and a yield strength of Sy = 82 kpsi. The reliability goal is 0.99.

(a) Determine the fatigue factor of safety of the design using each of

the fatigue failure criteria described in this section.

(b) Determine the yielding factor of safety.

24/46

Shaft Design Example Problem

25/46

Shaft Design Example Problem

26/46

Shaft Design Example Problem

Solution

D/d = 1.5, r /d = 0.1

27/46

Shaft Design Example Problem

Solution

D/d = 1.5, r /d = 0.1

kt = 1.68, kts = 1.42

27/46

Shaft Design Example Problem

Solution

D/d = 1.5, r /d = 0.1

kt = 1.68, kts = 1.42

q = 0.85, qshear = 0.92

27/46

Shaft Design Example Problem

Solution

D/d = 1.5, r /d = 0.1

kt = 1.68, kts = 1.42

q = 0.85, qshear = 0.92

kf = 1 + q(kt − 1) = 1.58

27/46

Shaft Design Example Problem

Solution

D/d = 1.5, r /d = 0.1

kt = 1.68, kts = 1.42

q = 0.85, qshear = 0.92

kf = 1 + q(kt − 1) = 1.58

kfs = 1 + qshear (kts − 1) =

1.39

27/46

Shaft Design Example Problem

Solution

D/d = 1.5, r /d = 0.1

kt = 1.68, kts = 1.42

q = 0.85, qshear = 0.92

kf = 1 + q(kt − 1) = 1.58

kfs = 1 + qshear (kts − 1) =

1.39

Se0 = 0.5Sut =

27/46

Shaft Design Example Problem

Solution

D/d = 1.5, r /d = 0.1

kt = 1.68, kts = 1.42

q = 0.85, qshear = 0.92

kf = 1 + q(kt − 1) = 1.58

kfs = 1 + qshear (kts − 1) =

1.39

Se0 = 0.5Sut = 52.5 kpsi

27/46

Shaft Design Example Problem

Solution

D/d = 1.5, r /d = 0.1

kt = 1.68, kts = 1.42

q = 0.85, qshear = 0.92

kf = 1 + q(kt − 1) = 1.58

kfs = 1 + qshear (kts − 1) =

1.39

Se0 = 0.5Sut = 52.5 kpsi

Creliab

27/46

Shaft Design Example Problem

Solution

D/d = 1.5, r /d = 0.1 Csize

kt = 1.68, kts = 1.42

q = 0.85, qshear = 0.92

kf = 1 + q(kt − 1) = 1.58

kfs = 1 + qshear (kts − 1) =

1.39

Se0 = 0.5Sut = 52.5 kpsi

Creliab

27/46

Shaft Design Example Problem

Solution

D/d = 1.5, r /d = 0.1 Csize

kt = 1.68, kts = 1.42

q = 0.85, qshear = 0.92

kf = 1 + q(kt − 1) = 1.58

kfs = 1 + qshear (kts − 1) =

1.39

Se0 = 0.5Sut = 52.5 kpsi b

Csurf = ASut

Creliab

27/46

Shaft Design Example Problem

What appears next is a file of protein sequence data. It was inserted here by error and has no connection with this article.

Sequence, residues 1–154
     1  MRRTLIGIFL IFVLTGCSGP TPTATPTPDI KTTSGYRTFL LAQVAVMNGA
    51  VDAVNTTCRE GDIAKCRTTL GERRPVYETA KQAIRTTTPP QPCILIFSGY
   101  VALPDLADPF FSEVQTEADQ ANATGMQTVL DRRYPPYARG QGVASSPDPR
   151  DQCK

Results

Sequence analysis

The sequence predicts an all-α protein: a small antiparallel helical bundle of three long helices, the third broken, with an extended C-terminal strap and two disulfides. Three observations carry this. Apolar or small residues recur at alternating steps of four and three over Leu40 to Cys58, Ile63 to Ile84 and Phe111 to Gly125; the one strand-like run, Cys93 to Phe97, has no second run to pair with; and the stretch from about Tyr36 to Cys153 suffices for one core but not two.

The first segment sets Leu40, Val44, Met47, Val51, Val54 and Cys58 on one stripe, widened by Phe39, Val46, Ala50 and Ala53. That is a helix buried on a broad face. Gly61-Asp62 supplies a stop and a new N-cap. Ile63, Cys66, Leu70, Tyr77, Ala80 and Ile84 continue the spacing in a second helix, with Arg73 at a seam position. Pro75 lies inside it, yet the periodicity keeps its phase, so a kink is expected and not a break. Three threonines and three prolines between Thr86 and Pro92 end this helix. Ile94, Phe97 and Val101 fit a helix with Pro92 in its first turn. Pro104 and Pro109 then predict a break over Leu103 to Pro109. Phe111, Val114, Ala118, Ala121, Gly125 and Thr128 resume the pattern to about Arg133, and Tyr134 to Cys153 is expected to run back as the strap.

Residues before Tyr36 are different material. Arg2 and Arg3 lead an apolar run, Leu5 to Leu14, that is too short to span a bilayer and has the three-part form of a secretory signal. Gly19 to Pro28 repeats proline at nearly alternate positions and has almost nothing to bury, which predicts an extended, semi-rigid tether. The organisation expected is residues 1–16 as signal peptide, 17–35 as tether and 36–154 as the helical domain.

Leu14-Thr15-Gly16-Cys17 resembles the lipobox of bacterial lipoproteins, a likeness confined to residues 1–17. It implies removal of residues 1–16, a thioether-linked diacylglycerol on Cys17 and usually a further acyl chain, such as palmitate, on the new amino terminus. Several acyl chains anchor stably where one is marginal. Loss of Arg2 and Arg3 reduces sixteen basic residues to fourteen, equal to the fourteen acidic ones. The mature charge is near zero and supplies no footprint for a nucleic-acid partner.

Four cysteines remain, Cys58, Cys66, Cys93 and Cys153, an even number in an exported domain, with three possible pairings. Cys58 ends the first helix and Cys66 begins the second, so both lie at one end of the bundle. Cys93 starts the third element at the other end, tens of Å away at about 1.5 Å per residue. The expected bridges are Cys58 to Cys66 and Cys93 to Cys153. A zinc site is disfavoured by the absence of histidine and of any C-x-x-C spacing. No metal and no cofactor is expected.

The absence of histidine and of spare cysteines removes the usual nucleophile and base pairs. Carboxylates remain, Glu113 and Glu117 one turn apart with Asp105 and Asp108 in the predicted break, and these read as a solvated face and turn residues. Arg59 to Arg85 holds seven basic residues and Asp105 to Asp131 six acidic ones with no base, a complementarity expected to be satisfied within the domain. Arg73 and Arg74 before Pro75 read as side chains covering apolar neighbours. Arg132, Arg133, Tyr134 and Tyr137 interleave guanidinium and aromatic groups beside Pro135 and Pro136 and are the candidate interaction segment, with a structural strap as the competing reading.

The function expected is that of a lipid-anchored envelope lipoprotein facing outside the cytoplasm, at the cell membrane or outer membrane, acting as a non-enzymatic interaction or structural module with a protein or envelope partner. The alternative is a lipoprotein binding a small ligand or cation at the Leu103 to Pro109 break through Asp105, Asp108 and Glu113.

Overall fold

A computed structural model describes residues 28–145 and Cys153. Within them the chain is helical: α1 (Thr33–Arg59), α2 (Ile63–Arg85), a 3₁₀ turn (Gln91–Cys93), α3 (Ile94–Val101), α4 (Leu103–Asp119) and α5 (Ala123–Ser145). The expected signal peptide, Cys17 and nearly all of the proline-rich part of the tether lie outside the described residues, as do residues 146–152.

Solution Contd..

Se = Csurf Csize Creliab Se0 = (0.787)(0.87)(0.814)(52.5) = 29.3 kpsi

The shaft is rotating with a constant bending moment, i.e., Mm = 0

Steady torque is applied, implies Ta = 0

Ma = 1260 lbf-in and Tm = 1100 lbf-in

Applying Goodman criterion for multi-axial fatigue:

q

1 16 1 1

q

= 2

4(kf Ma ) + 3(kfsm Tm ) 2

n πd 3 Se Sut

Hence, n = 1.62.

Based on ASME elliptic, n = 1.88

28/46

Shaft Design Example Problem

Sy

ny = e

σmax

e

σmax = 18300psi

Hence, ny = 4.48

29/46

Shaft Design Example Problem

Design a shaft to support the attachments shown in the Figure

30/46

Shaft Design Example Problem

Design a shaft to support the attachments shown in the Figure with a

preliminary design of shaft configuration. The shaft is expected to transmit 2

hp at 1725 rpm. The torque and the force on the gear are both constant with

time.

Assume that

No applied axial loads

Steel as a shaft material

stress-concentration factor of 3.5 for the step radii in bending, 2 in

torsion and 4 at the keyways.

Assume that the ratio of tensions on tight side to slack side on the v-belt

sheave is 5.

31/46

Shaft Design Example Problem

Roller Bearings Standard Dimensions

32/46

Shaft Design Design of a shaft for deflection

Maximum Ranges for Slope and Transverse Deflection

33/46

Shaft Design Design of a shaft for deflection

Due to change of cross section, M/EI changes along the length

Integrate M/EI twice to find deflection at any given point

Shaft as a torsion bar

T`

θ=

GJ

The torsional stiffness is

T GJ

kt = =

θ `

For a stepped shaft, the torsional stiffness is more complicated

Stepped shaft can be assumed as torsional springs in series

1 1 1 1

= + +

kteff kt1 kt2 kt3

34/46

Design of Keys

A demountable machine element which, when assembled into

keyseats, provides a positive means for transmitting torque between

the shaft and hub

Types of keys

35/46

Design of Keys

Square and Rectangular Key Sizes

36/46

Design of Keys Types of Keys

Parallel Keys

Made from cold-rolled bar stock (negatively toleranced)

Clearance fit between key and keyseat in general with some

exceptions

The clearance between key and keyseat leads to impact and high

stress called back lash when torque changes from positive to

negative

A set screw in the hub placed at 90◦ to the key prevents backlash

Length of the key ` ≤ 1.5d, where d is shaft diameter

For higher strength, more keys may be used at different

orientations

37/46

Design of Keys Types of Keys

Tapered Keys

The tapered key is a locking key which holds the key axially

through friction

The gib head is optional

Tapered keys orient the radial clearance to one side thus creating

eccentricity between the shaft and hub

Woodruff Keys

Used on small shafts

Self-aligning and hence are preferred for tapered shafts

Semi-circular shape leads to a larger keyseat depth which resists

key rolling

Weakens the shaft due to larger keyseat depth